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I suppose only a few hundred kms each day, including 5-8 or so 20km round trips to the landfill. Lots of energy used to lift all those bins and run the compactor too.You might be surprised how much energy they use. Might be interesting to get some insight from waste disposal companies themselves.
I'm thinking the residential pickups, not the commercial ones.

I was thinking many round trips, but apparently some trucks do a several hundred houses before dumping, so they might not get as much.

I think the business case is there or almost there.
Once it offers a good ROI, it should be like a damn breaking.


I'm curious which companies are working on this, or actually the leaders.
I did a search and it seems to be a popular idea.
 

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You can get a lot of the benefit with hybrid drivetrains, since the gain is mostly in regenerative braking. They will eventually be fully electrified but that is more a cost savings of electricity vs diesel/nat gas play.
 

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I'm thinking the residential pickups, not the commercial ones.
So am I thinking residential (municipal) as in Environmental 360 in Central Okanagan Lots of energy likely dissipated in the lift and compactor. This is the style of truck I see in most jurisdictions. Some are actually bigger (longer).

Added: One such example Nikola Electric talks about an impressive 150 mile range. Forget the reference to 1200 cans.... No modern municipality uses labour intensive 'cans' any more. Waste Connections looks like they will test Canadian manufactured examples as well.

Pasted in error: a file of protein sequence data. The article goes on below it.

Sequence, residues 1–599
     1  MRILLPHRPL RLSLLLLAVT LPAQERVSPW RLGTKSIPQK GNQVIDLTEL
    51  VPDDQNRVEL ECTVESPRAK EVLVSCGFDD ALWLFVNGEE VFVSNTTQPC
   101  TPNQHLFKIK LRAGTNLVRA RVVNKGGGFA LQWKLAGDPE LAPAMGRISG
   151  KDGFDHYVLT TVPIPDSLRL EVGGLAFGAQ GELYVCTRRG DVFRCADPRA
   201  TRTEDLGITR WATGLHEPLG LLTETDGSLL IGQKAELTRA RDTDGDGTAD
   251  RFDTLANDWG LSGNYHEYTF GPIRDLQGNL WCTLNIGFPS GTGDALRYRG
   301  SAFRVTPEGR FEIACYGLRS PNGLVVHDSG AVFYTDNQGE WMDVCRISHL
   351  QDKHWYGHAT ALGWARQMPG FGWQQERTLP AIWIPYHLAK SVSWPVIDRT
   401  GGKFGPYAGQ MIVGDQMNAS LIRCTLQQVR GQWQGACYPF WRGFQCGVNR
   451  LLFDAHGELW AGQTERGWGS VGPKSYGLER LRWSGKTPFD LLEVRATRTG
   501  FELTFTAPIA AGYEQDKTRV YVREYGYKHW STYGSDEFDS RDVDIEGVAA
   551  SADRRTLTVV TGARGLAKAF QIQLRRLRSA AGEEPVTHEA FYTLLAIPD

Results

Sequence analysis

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Added: One such example Nikola Electric talks about an impressive 150 mile range. Forget the reference to 1200 cans.... No modern municipality uses labour intensive 'cans' any more. Waste Connections looks like they will test Canadian manufactured examples as well.
No modern municipality uses labour intensive 'cans' any more << what do you mean?

I know some cities have automated trucks, but many cities, London for instance, are still using all sorts of containers.
not sure if the trucks have a lift assist.
 

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Nikola is not really worth paying attention to. The company is surrounded with accusations of fraud, and their CEO just resigned.
 

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No modern municipality uses labour intensive 'cans' any more << what do you mean?

I know some cities have automated trucks, but many cities, London for instance, are still using all sorts of containers.
not sure if the trucks have a lift assist.
The use of manually handled 'cans' still dumped by a human into the back of a truck will have to change sooner rather than later to fully automated handling in the municipalities that still have them. We have had automated pickup for 15 years or more, both when I lived in Calgary, and now in the Okanagan. Black carts (household waste), Blue carts (recycling) and Green carts (yard waste). What is collected in what cart varies by municipality.

I cannot imagine a municipal waste management company going to 'new' electric trucks based on 20th century garbage pickup systems. They will need to be the automated kind per the first link I provided in post #71.

Pic of Cart for Automated Handling
 

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Nikola is not really worth paying attention to. The company is surrounded with accusations of fraud, and their CEO just resigned.